If the skies are clear on Saturday night, and in the Chippewa Valley the skies may stay rather cloudy, you’ll be able to see an uncommonly enormous and spectacular Moon. On Saturday at 10:34 p.m. Central Standard Time, the Moon will reach perigee — the point at which the Moon’s elliptical orbit puts it as close as it ever gets to Earth. A minute later the Earth, Moon and sun will also line up. The result: a “Supermoon” that appears 14% bigger and 30% bigger than any other full Moon.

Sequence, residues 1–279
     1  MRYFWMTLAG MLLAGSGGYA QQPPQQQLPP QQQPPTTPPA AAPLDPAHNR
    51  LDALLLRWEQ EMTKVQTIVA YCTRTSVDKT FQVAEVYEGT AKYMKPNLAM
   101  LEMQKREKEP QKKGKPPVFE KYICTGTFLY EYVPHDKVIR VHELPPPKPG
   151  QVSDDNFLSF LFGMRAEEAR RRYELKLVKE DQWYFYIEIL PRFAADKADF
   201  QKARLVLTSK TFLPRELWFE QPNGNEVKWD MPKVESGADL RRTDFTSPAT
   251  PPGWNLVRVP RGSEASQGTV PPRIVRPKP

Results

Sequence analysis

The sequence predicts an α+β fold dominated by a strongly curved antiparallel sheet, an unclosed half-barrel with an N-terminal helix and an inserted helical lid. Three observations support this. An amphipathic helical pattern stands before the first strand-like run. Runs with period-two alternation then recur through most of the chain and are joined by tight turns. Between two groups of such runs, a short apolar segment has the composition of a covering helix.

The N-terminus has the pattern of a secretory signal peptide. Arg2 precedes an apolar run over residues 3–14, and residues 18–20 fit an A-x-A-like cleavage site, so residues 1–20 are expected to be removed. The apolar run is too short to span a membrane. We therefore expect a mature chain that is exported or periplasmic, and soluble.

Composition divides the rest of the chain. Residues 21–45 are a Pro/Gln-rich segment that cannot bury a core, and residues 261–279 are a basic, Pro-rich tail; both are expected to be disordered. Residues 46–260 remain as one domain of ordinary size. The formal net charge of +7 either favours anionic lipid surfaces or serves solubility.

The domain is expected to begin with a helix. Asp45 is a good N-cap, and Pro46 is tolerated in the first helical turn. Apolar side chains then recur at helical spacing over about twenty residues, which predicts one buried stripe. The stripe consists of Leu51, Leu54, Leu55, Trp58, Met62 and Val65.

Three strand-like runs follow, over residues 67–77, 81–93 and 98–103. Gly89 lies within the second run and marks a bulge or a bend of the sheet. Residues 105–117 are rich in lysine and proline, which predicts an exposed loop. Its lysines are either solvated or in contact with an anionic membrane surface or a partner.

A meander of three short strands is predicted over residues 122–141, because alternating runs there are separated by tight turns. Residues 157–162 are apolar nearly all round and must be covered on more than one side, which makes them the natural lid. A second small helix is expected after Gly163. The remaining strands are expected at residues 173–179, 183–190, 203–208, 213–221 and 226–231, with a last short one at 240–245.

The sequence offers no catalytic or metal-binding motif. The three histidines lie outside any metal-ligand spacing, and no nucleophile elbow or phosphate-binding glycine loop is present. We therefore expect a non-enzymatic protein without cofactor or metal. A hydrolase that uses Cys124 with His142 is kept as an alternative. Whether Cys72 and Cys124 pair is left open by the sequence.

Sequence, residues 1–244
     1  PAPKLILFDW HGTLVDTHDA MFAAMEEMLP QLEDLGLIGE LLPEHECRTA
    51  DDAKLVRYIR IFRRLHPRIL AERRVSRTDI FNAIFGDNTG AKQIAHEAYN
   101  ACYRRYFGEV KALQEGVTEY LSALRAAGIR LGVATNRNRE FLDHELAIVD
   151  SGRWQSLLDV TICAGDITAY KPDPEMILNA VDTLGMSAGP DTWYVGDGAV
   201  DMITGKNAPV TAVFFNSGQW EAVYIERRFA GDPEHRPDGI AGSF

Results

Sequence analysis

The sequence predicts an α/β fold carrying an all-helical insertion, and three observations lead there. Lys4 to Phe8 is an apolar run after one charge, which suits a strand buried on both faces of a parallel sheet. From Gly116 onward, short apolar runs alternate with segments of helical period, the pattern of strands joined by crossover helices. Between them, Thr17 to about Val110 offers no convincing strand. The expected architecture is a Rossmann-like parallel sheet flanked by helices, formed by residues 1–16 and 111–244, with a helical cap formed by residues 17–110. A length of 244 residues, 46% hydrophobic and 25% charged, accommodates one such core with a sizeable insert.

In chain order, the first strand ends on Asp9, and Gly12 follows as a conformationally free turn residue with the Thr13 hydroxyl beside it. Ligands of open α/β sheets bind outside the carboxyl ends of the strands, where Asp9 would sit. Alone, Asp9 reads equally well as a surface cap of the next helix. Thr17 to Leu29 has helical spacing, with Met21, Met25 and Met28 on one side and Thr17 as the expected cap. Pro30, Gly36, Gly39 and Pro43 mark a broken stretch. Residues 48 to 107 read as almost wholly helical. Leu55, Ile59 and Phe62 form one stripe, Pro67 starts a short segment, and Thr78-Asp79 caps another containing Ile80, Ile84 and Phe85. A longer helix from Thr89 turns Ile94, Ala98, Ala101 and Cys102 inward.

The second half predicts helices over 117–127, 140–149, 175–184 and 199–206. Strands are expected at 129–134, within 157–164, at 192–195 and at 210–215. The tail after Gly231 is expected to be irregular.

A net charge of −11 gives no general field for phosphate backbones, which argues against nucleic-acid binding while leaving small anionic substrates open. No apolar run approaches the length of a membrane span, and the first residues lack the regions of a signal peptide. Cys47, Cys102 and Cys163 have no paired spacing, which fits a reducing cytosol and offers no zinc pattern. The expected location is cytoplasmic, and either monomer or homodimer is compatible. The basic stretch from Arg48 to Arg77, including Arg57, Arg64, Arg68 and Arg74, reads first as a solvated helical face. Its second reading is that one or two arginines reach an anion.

"The full Moon has a reputation for trouble," wrote Tony Phillips, an astronomer who maintains NASA's Science News site. "It raises high tides, it makes dogs howl, it wakes you up in the middle of the night with beams of moonlight stealing through drapes.
For all the folklore about full moons and mental illness ("lunacy"), social scientists have searched in vain for correlations between the moon and crime rates or admissions to psychiatric institutions.